This week it's a brilliant report from Peter Delmer on his experience at the 2007 Garburn Trail Race.

Never write down a goal … it might come true. I thought about that as I struggled up and down over the last few miles of the Garburn Trail Race. Thoughts weren’t coming easy at that stage, nothing came easy at that stage, as I pushed on over rough, country tracks back towards the town of Windermere and the luxury of just stopping. Standing still has a lot going for it!

A June weekend in the Lake District in northern England. Tea and cream cake country. Yachts on the lakes. Hill walkers in bright sunshine. Olde England at its best. Why then were hundreds of people running over mountain passes, hurtling headlong down steep inclines, heaving lungfuls of precious air just to say ‘I did it’? That’s why isn’t it … just to say ‘I did it’.

Early January 2007. Goalsetting. This was my year to run a trail race. Flirted with the idea for far too long – time for action. I chose the Garburn trail race for two reasons. First it’s a long run, if I’m going to travel that distance to a race then I’ll make sure it’s not just a quick dash. 21km of trail with less than 1km on road. Secondly, because it was voted the most scenic race in England by Runner’s World readers, so I had to see how it compared to Connemara.

I cajoled my Dad to come with me for the weekend, and we parked ourselves in Windermere for two nights. Got in a bit of sightseeing around the lakes, forests and hills on the Saturday and even an hour of mountain biking to loosen out the legs on the day before the race. (I know, I know, I know … might have been better off sitting with my feet up in the B&B but life is for living!). We took a drive out to the midpoint of the race to see what lay ahead and oohh’ed and ahh’ed at the scenic route. Passing through that point on the Sunday, the oohh’s and ahh’s were of a different variety – emanating from screaming leg muscles and heaving lungs.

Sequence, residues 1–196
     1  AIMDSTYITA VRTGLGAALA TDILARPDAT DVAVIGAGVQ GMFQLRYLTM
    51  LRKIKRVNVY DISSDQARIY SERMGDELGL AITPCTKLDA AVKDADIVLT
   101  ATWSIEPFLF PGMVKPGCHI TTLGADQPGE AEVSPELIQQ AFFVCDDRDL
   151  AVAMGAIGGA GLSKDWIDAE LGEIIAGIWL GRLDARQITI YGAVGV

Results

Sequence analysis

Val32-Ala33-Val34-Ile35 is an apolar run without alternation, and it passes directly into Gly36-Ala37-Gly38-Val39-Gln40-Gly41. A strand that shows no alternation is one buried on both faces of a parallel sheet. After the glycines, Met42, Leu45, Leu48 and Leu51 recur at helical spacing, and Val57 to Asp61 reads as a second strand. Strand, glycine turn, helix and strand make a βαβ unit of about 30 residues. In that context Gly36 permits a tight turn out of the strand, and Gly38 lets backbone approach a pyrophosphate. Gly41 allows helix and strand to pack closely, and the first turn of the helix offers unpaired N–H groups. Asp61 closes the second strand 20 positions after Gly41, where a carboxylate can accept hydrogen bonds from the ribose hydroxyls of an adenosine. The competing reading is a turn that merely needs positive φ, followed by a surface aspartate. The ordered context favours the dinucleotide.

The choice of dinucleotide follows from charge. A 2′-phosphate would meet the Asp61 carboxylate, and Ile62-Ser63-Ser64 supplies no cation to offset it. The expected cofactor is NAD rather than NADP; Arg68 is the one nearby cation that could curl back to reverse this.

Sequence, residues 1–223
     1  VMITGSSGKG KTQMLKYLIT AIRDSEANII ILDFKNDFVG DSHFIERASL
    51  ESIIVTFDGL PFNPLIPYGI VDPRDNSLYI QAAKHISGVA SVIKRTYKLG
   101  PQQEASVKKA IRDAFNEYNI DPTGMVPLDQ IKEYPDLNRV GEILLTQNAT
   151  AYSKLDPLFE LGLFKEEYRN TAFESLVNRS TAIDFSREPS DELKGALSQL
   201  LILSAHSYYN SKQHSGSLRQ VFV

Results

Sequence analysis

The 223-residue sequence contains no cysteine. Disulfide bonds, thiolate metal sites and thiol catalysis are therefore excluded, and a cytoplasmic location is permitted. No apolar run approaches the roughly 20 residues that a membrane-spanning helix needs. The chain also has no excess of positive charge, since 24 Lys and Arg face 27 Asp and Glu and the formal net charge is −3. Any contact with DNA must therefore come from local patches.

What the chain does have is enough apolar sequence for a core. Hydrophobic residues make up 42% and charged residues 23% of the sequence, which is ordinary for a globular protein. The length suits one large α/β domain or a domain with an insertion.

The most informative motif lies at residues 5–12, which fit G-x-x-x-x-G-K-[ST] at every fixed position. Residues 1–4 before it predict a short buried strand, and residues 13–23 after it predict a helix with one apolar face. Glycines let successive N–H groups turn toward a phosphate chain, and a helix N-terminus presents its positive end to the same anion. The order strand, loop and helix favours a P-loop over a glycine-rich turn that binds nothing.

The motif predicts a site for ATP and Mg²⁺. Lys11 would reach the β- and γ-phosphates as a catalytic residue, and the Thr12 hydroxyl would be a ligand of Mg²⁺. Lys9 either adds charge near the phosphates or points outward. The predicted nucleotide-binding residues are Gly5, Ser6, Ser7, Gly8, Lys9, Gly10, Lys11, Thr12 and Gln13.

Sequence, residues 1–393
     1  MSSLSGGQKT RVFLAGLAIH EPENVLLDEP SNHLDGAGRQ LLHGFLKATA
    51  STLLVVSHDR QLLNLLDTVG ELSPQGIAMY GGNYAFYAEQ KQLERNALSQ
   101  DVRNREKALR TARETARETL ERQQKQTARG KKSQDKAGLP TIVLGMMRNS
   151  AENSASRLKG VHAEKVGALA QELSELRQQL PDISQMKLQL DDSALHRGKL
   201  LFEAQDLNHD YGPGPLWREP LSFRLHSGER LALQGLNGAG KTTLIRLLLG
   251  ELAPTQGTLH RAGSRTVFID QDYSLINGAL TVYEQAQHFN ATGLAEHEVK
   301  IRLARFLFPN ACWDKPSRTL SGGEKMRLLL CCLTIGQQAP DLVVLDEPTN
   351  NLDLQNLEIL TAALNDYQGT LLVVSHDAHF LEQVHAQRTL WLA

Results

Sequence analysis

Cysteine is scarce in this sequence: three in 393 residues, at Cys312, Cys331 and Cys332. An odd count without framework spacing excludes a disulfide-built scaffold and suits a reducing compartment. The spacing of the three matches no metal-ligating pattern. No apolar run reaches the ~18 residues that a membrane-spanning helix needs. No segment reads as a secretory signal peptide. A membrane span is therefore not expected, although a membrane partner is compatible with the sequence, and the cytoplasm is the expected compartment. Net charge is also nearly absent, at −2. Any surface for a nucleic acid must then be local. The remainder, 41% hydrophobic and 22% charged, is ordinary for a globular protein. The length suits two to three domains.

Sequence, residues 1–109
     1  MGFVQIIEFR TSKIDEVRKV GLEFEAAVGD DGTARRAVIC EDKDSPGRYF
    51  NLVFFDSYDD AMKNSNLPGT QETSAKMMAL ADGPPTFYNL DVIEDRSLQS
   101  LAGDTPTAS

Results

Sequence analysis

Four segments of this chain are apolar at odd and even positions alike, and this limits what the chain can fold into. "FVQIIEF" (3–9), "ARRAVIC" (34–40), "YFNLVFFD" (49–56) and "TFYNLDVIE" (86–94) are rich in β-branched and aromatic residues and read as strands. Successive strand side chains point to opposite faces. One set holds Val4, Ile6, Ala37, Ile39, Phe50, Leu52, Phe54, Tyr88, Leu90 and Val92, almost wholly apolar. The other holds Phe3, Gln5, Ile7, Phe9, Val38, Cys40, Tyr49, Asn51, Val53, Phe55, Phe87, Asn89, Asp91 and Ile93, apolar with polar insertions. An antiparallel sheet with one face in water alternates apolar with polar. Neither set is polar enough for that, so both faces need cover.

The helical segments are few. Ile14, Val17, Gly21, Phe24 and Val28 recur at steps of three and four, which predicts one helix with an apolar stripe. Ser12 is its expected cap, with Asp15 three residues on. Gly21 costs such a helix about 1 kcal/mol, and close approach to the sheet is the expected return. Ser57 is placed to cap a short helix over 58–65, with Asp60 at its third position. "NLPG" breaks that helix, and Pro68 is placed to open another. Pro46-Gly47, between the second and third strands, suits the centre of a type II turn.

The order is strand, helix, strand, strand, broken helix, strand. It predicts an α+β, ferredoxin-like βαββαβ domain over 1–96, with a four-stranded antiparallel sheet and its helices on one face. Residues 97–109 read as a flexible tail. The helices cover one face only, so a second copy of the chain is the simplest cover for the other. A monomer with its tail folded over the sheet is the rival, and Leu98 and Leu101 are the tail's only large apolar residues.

Sunday morning. Bright, and thankfully not as sunny as Saturday. Staveley village hall was the centre of all activity as I picked up my race number and tried to avoid looking at the course map with all those closely nestled contour lines.

I knew the first kilometre was uphill, so I reasoned that I wouldn’t be moving too quickly. The warm-up was kept short and easy as I thought that first k would give me all the warmth I needed. My God, what a shock to the system! About five hundred metres of winding village streets past stone cottages and country village green, then a turn to the right, over a cow grate and ‘bang’ it hits hard. In the next five hundred metres we climbed one hundred. Welcome to trail running Peter. I think in other locations they call it mountain climbing.

We ascended the first climb with relatively good underfoot conditions. As a virgin trail runner I had not invested in trail shoes but my trustee 2010’s handled the dry conditions well. Further ahead on the course I reckoned that I was lucky with the conditions – some rain or mist might have made those descents treacherous without good grip.

Already the lead runners had disappeared over the brow of the hill and I guessed I was somewhere inside the top 50 in a field of 500. I decided to measure my performance, not against the nowhere-to-be-seen leading men which included two of Englands best marathoners, but against the ladies. I crested the hill in sixth position in the ladies race. A small sign in the grass marked the end of the first km and I looked with interest at the watch. 7:43. I knew the climb was slow, but 7:43 for a kilometre! I lied to myself that the course must be marked in miles, knowing full well that was the slowest kilometre I had ever raced. Not to worry, it would soon be bettered.